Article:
Many people who have psoriasis have nail changes. This can involve:
Pitting on the surface of the nail.
Defects in the nail, such as ridges or crumbling nails.
Yellowish colour to the toenails (and sometimes fingernails).
Thickening of the fingernails or toenails.
Spots under the fingernails, such as yellow-red patches.
Separation of the nail from the nail bed.
Total loss of the nail bed.
Nail changes rarely happen without other signs of psoriasis. And sometimes changes in the nails can confirm a diagnosis of psoriasis. Nail problems happen most often in people with psoriatic arthritis.
How is it diagnosed?
Your doctor can often recognize psoriasis by looking at your skin, scalp, and nails. Special tests usually aren't needed.
How is nail psoriasis treated?
Psoriasis of the nail can be very hard to treat, and treatment is not always successful.
Treatments include some of the same topical and systemic therapies that are used to treat psoriasis that affects the skin. In some cases, medicines can be injected into the nail bed.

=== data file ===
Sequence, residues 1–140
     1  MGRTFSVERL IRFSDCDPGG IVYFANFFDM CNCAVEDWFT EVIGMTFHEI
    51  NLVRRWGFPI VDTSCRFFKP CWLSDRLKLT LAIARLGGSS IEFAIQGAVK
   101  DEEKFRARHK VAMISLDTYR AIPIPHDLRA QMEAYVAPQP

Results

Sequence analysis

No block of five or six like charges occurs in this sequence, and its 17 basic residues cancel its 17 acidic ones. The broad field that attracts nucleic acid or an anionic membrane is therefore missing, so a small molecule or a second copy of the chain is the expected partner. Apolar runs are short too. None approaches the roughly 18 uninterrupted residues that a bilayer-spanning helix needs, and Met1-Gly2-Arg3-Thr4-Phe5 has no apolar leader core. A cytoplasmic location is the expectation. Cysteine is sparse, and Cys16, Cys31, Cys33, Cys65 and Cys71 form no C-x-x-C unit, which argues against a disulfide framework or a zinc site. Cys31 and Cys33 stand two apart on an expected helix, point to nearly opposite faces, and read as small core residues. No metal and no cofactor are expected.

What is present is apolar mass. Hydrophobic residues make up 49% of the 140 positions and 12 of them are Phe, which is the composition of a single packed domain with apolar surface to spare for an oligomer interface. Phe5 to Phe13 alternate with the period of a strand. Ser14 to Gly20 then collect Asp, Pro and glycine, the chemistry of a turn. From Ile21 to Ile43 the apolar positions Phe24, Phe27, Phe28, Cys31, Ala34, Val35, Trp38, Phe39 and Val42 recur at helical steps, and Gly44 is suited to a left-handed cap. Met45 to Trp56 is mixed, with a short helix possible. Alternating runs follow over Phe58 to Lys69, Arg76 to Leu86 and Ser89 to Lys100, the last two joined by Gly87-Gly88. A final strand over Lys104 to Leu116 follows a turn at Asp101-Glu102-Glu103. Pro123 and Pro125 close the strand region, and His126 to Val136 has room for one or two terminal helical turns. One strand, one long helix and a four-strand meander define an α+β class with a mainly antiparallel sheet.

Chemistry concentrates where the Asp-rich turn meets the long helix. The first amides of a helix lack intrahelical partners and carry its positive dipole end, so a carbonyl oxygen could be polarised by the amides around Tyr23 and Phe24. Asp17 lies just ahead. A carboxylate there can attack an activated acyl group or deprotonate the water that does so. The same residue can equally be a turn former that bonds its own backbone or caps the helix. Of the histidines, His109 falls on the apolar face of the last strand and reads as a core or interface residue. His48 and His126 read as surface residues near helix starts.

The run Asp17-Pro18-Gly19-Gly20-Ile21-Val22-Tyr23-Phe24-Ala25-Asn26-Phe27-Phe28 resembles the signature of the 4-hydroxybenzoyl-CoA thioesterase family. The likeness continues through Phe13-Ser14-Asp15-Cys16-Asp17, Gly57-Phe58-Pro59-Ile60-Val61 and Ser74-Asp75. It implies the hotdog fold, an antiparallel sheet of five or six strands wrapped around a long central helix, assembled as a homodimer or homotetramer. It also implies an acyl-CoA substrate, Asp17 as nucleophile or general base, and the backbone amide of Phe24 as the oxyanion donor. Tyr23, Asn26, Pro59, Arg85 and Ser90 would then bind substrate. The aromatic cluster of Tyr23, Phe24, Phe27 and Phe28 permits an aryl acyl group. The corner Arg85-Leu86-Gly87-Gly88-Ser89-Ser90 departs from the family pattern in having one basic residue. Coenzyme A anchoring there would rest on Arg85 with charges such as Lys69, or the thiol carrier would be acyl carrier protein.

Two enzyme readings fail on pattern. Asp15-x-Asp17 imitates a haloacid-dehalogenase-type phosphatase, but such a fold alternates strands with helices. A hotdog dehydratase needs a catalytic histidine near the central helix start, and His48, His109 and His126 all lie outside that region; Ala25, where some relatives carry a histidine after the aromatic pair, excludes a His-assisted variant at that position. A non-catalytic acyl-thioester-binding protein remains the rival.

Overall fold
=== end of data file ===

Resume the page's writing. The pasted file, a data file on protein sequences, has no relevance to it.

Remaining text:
Treatments take time to work, and you may not see improvement for months. New, healthy nails may need up to a year to grow.
How can you care for your nails?
Here are some tips you can try to protect your nails.
Soak them before trimming.
Trim them short and file the edges smooth to avoid injuring them or scratching yourself.
Avoid excessive cleaning under the nail, because it may promote psoriasis scale buildup.
Do not cut, tear, or bite the skin around your nails (cuticles).
Medical Review:Adam Husney MD - Family Medicine & E. Gregory Thompson MD - Internal Medicine & Martin J. Gabica MD - Family Medicine & Amy McMichael MD - Dermatology
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